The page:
Personal Finance > Insurance
Do you need more health insurance?
Before buying a "supplemental" plan, take a realistic look at your risks.
May 15, 2002: 1:42 PM EDT
By Annelena Lobb, CNN/Money Staff Writer

NEW YORK (CNN/Money) - It's Thursday night, you flip on the TV, and you see the AFLAC commercial: you know, the one with the quacking duck. A couple of questions may have come to mind.

First, why a duck?

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With apologies to Marx brothers fans, that's easy. An AFLAC spokesperson says it's because the company's name sounds sort of like "quack-quack." Also, it was difficult for them to get specific about their products in the commercials, since they vary widely between states. So they opted to go with a catchy mascot.

Second, what's supplemental health insurance? Do I need it?

That's tougher. Many major insurers, of which AFLAC is just one, sell supplemental policies. These policies cover you in the event of a specific, serious health problem. For example, you can buy supplemental cancer policies, intensive-care unit policies, and multiple sclerosis policies, to name a few.

It's not that these conditions are not covered by regular health insurance. But supplemental policies give you extra financial protection for costs associated with these diseases and conditions, or so says the sales pitch.

David Bird, president of Allstate Workplace Division, said his company receives an average of 6,000 applications for its supplemental products (including life insurance) a week. He cites skyrocketing out-of-pocket health expenses as the main reason for such growing interest.

In 1960, a total of $13 billion was spent on out-of-pocket medical expenses, according to the Life Insurance Marketing and Research Association in Hartford, Conn. In 1998, that figure had reached a cool $200 billion.

But don't just listen to the duck and rush to an insurance agent. If you're nervous about, say, contracting a particular type of cancer, take a clear-eyed look at your standard health policy. Then consider the actual likelihood of your getting the disease, and factor in your risk tolerance, before you decide whether to buy insurance.

"Buying a supplemental policy largely depends on your aversion to risk," said Marianne Miller, director of federal regulatory affairs and policy development at the Health Insurance Association of America. "Some people will pay for the certainty that they're covered for something. It's not black-and-white, or a really clear, bottom-line question."

The right supplements

Some supplemental policies insure against specific illnesses like cancer and muscular dystrophy. Others cover accidents, and still others pay a daily benefit to a person who's required to stay in the hospital, usually called a hospital indemnity policy.

Some insurers also classify disability insurancea and dental insurance as supplemental health policies. While both obviously "supplement" your health insurance, they're also must-haves -- so we're not discussing them here with these more specialized policies. (For more on that topic, see "Ouch! Don't forget disability insurance.")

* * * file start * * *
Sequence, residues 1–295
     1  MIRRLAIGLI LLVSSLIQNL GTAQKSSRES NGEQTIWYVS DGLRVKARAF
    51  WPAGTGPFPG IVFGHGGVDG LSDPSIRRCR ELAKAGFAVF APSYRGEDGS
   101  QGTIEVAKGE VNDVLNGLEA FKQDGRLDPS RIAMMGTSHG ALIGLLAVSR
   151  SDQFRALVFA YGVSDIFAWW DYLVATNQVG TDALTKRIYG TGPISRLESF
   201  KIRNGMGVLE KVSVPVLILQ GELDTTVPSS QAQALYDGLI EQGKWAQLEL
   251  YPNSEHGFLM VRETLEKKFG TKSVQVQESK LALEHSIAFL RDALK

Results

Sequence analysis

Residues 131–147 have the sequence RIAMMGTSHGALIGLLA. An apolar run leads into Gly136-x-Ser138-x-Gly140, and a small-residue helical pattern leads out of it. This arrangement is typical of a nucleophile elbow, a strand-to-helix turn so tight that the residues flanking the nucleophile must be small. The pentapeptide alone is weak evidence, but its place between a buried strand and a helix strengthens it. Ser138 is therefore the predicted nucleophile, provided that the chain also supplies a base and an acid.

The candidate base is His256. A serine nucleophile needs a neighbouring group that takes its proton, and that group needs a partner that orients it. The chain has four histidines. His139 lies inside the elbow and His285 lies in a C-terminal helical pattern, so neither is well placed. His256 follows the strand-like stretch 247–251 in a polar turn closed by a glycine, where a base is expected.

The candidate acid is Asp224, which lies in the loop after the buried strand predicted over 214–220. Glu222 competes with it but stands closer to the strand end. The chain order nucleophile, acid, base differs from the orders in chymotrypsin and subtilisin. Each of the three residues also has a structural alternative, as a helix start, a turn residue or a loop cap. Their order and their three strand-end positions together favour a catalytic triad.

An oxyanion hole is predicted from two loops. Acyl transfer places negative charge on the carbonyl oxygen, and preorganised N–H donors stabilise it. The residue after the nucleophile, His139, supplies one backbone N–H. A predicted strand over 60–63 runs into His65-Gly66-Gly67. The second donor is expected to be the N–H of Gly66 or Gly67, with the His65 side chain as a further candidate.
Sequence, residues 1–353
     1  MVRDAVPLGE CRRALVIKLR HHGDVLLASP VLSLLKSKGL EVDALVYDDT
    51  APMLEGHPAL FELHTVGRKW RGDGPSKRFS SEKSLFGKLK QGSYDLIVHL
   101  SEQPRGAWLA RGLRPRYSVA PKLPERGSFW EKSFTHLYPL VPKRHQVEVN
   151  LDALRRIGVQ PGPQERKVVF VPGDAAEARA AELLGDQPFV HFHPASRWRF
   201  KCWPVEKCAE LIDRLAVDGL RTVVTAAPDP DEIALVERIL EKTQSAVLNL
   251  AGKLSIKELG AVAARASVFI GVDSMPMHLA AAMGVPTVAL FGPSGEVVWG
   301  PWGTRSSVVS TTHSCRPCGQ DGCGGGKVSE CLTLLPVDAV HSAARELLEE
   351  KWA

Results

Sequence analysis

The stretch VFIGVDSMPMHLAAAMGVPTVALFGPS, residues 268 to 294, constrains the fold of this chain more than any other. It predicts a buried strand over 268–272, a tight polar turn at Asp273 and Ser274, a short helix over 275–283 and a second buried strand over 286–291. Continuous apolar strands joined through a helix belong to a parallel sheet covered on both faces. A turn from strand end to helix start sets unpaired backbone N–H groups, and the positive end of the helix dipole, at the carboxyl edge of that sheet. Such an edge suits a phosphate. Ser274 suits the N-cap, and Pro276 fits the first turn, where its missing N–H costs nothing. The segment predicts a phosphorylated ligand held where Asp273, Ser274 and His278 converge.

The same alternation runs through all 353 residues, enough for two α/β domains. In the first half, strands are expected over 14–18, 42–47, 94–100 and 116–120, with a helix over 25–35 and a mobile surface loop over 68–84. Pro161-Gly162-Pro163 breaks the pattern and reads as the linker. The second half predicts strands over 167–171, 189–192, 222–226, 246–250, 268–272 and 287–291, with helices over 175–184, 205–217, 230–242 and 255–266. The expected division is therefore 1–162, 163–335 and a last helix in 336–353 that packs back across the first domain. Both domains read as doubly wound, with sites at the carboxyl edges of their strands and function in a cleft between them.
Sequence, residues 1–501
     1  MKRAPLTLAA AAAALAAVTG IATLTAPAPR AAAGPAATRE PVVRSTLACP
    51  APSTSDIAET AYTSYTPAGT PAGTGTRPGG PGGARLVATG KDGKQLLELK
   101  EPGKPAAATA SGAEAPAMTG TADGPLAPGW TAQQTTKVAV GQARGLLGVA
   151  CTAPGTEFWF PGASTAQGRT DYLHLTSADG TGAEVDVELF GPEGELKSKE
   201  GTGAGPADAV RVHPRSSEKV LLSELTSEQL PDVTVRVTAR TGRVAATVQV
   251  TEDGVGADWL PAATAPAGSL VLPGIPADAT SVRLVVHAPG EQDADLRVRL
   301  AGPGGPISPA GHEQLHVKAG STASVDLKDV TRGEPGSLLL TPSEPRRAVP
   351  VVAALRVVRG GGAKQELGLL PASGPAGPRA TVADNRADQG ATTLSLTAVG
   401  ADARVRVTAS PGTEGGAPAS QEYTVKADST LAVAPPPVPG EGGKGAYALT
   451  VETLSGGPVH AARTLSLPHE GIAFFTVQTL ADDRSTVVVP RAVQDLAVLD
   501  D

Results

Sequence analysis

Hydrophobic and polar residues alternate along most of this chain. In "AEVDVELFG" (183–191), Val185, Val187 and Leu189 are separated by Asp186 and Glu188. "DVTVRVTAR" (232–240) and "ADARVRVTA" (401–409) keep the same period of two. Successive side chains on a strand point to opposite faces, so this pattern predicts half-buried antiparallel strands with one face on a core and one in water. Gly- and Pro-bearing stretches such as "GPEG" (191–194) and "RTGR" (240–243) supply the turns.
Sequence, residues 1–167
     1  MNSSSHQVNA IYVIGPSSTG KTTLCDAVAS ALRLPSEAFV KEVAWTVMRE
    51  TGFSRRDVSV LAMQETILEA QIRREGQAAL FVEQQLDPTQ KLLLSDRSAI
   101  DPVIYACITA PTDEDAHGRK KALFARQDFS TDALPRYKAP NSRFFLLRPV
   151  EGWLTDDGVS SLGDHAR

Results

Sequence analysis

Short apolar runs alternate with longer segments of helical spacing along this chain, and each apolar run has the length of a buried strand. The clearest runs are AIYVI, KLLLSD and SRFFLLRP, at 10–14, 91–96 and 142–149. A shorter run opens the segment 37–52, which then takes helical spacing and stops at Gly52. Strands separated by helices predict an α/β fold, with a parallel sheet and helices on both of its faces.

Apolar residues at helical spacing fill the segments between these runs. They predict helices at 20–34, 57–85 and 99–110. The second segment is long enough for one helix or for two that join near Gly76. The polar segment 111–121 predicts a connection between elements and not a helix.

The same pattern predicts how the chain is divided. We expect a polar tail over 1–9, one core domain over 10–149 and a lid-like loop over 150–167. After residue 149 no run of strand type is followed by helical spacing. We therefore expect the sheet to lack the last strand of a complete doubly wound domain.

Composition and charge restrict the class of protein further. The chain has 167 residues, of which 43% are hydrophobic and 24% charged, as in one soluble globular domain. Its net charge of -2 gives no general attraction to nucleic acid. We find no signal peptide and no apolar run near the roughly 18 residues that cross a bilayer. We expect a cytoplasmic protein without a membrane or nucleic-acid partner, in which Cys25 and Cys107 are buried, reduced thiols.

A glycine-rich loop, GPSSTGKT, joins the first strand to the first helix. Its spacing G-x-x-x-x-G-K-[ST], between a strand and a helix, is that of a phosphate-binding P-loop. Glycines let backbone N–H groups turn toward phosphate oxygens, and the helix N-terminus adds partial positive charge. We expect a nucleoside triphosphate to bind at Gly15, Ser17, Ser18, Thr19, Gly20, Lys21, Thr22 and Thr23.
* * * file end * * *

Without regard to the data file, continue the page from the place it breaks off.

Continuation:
Bonnie Dunn, now 61, a retiree in La Grande, Ore., took out AFLAC cancer insurance while she was still working. She had suffered cervical cancer at age 24, and carried AFLAC cancer coverage for about 20 years afterward. After letting her policy lapse for several years, she decided to renew it at the beginning of 1999.

In April of 1999, Dunn's doctor diagnosed her with breast cancer.

"The policy paid for me to live away from home, it paid for each chemotherapy treatment and radiation treatment, and for the Tamoxifen I've had to take since," Dunn explained. "I had to travel 140 miles to receive treatment, and the cancer policy allowed me to afford lodgings close to the treatment center and to where my daughter lived."

Dunn's cancer is in remission, and she asserts the policy took away any financial burden her cancer would have caused otherwise. She still pays $44 a month to insure herself and her husband with AFLAC cancer and accident coverage.

Finding an insurer

Though well known through their TV ads, AFLAC is not the sole provider of supplemental insurance. Other insurers, like Allstate, Aetna, GE Voluntary Benefits, and Colonial Life, write supplemental health policies as well.

Supplemental insurers typically sell policies at a group rate to an employer. The employer then offers the benefit to employees, usually as a pre-tax deduction from their paychecks. Supplemental insurance is rarely sold directly to consumers.

"Most of our products are sold in the workplace," said Mitzi Clayton, a spokesperson for AFLAC. "We have large accounts like Wal-Mart and Rite Aid, and we work with small, mom-and-pop businesses as well. People buy it because their major medical policy doesn't necessarily cover everything they might need."

An AFLAC cancer policy like Bonnie Dunn's, for example, pays a certain amount per day, per procedure, Clayton said. The patient can spend the cash however they see fit. Even if the patient's major medical insurance paid for every medical cost incurred, he could still use the money for ancillary expenses associated with their illness.

A GE hospital indemnity policy pays a minimum daily benefit of $30 up to a maximum of $300 daily for a maximum benefit period of 365 days, explained Peter Paul Lucas, chief operating officer at GE Voluntary Benefits. GE allows you to add specific riders on that policy to provide things like intensive care, a private-duty nurse, or even a lump-sum payment. The average premium on a GE hospital indemnity policy was $500 in 2001.  Top of page